On 14 January, White House Press Secretary Jen Psaki told reporters that “Russia is laying the groundwork to have the option of fabricating a pretext for the invasion [of Ukraine], including through sabotage activities and information operations, by accusing Ukraine of preparing an imminent attack against Russian forces in eastern Ukraine.”
She added that Russia’s military planned to begin these activities several weeks before a military invasion, “which could begin between mid-January and mid-February.”
To give more credibility to what Psaki said, Pentagon Spokesman John Kirby, in a press briefing on 14 January, called the intelligence about the operation “very credible.” He pointed out that the word “operatives” “could represent a blend of individuals inside the Russian government, whether it is from their intelligence communities, their security services, or even their military.”
Denying the US accusations, Kremlin Spokesman Dmitri Peskov told the Russian news agency TASS that “so far, all these statements have been unfounded and have not been confirmed by anything.”
The above statements by the US and the Russian official denial by the Kremlin came in the wake of the third meeting between the US and Russia in the framework of the strategic stability talks that took place on 9-10 January in Geneva at the deputy foreign minister level.
US Deputy Secretary of State Wendy Sherman and her Russian counterpart Sergei Rybakov headed the US and Russian delegations to the talks. As I wrote last week in Al-Ahram Weekly, they were followed in Brussels by a meeting of the NATO-Russia Council on 12 January and a meeting of the Permanent Council of the Organisation for European Cooperation and Security in Vienna on 13 January.
The successive meetings aimed at deescalating tensions on the Russian-Ukrainian border and at addressing Russian security concerns. May be the three meetings were occasions for each side to air their concerns and to draw up red lines, but their respective positions on these serious security concerns have not changed.
Sherman said after the strategic stability talks on 10 January that the US and Russia now had a better understanding of each other’s concerns and priorities. She said that if “Russia stays at the table and takes concrete steps to deescalate tensions, we believe we can achieve progress.”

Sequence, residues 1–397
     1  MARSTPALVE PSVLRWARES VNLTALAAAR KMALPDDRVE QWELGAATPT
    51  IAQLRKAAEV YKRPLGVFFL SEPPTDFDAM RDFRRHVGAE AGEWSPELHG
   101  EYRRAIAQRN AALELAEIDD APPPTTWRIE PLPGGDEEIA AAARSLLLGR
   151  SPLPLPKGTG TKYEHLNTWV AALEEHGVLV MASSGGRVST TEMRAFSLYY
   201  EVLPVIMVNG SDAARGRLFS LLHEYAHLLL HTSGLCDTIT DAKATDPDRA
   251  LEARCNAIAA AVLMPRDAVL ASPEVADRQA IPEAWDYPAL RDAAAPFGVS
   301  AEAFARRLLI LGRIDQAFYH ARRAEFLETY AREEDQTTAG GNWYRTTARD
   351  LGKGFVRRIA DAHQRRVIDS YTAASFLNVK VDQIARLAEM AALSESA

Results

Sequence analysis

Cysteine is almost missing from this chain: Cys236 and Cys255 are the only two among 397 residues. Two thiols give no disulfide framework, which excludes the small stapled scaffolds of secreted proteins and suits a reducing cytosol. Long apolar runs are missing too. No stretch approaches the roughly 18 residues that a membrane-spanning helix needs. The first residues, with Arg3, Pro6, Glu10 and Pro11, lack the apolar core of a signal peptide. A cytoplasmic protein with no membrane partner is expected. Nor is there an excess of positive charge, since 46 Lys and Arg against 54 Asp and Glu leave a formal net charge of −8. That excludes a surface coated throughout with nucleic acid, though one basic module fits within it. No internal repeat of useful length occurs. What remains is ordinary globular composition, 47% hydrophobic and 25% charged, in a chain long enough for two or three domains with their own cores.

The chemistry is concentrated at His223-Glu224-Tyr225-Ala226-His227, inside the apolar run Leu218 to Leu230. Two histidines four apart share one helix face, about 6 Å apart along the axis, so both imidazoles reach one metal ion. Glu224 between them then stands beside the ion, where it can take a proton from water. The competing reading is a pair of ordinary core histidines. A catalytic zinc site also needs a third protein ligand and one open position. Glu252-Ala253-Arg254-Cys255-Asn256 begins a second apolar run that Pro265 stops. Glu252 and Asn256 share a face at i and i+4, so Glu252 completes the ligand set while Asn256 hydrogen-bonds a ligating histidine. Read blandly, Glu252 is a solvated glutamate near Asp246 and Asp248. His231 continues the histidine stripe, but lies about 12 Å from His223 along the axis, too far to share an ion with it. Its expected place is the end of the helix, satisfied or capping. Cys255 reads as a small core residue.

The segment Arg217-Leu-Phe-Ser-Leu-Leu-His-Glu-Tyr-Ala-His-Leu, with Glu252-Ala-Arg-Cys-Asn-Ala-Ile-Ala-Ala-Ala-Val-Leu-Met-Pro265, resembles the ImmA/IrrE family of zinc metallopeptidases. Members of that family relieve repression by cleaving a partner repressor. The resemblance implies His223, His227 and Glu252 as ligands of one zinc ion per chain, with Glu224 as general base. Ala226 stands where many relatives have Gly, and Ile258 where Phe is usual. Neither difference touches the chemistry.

Talking about possible sanctions against Russia if Russian troops cross the Ukrainian border, she said the costs would include financial sanctions that would target key financial institutions, export controls that would aim at industries, the enhancement of NATO forces near Russia’s western borders, and increased military assistance to Ukraine.
She said that she had told the Russian delegation that the US was open to discussing the future of certain missile systems in Europe related to the former Intermediate Range Nuclear Forces Treaty (INF), from which the US withdrew in 2018 because of Russian violations of the treaty, according to the former Trump administration.
In order to exercise more political and psychological pressure on Moscow, both US Defence Secretary Lloyd Austin and chair of the joint chiefs of staff Mark Milley have recently warned their Russian counterparts in telephone calls that a “bloody insurgency” would probably follow if Russian forces enter Ukrainian territory reminiscent of the Afghan War against Soviet forces in the late 1980s.
This sad reminder will be more effective than threats of severe sanctions in leading Moscow to weigh and think deeply about the pros and cons of ordering an “invasion” of Ukraine, if this is the plan, as US and Western statements claim it is.
The Ukrainian crisis poses a threat to international peace and security if all sides do not ponder their future steps calmly and avoid any warmongering. As Sherman said after the strategic stability talks in Geneva last week, “we must give diplomacy and dialogue the time and space required to make progress.”
Neither side would like to be drawn into a military conflict around Ukraine that would destabilise Europe for years to come. Ukraine or Georgia becoming members of NATO should not be a prize worth risking war with Russia for. Neither Russian President Vladimir Putin nor any other Russian president would accept NATO forces on the borders of Russia.
* The writer is former assistant foreign minister.
*A version of this article appears in print in the 20 January, 2022 edition of Al-Ahram Weekly.